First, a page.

Journal of Applied Mathematics

Journal of Applied Mathematics / 2014 / Article

Research Article | Open Access

Volume 2014 |Article ID 145285 | 9 pages | https://doi.org/10.1155/2014/145285

A New Uncertainty Evaluation Method and Its Application in Evaluating Software Quality

Academic Editor: Chao Yan
Received06 Feb 2014
Accepted28 May 2014
Published02 Jul 2014

Abstract

Uncertainty theory is a branch of axiomatic mathematics dealing with experts’ belief degree. Considering the uncertainty with experts’ belief degree in the evaluation system and the different roles which different indices play in evaluating the overall goal with a hierarchical structure, a new comprehensive evaluation method is constructed based on uncertainty theory. First, index scores and weights of indices are described by uncertain variables and evaluation grades are described by uncertain sets. Second, weights of indices with respect to the overall goal are introduced. Third, a new uncertainty comprehensive evaluation method is constructed and proved to be a generalization of the weighted average method. Finally, an application is developed in evaluating software quality, which shows the effectiveness of the new method.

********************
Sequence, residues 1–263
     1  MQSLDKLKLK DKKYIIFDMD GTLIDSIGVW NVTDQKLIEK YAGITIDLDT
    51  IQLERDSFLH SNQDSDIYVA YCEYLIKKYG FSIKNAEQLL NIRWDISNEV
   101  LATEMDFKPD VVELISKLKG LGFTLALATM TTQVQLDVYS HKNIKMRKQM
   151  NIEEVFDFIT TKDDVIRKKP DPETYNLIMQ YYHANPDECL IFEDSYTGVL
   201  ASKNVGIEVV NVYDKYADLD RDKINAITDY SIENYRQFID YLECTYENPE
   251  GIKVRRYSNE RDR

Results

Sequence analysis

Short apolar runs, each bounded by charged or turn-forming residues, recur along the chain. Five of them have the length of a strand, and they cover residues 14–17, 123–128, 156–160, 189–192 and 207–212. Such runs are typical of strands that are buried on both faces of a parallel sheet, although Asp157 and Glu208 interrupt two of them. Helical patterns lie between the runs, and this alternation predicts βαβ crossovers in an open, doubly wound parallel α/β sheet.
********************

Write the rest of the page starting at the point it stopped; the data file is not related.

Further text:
1. Introduction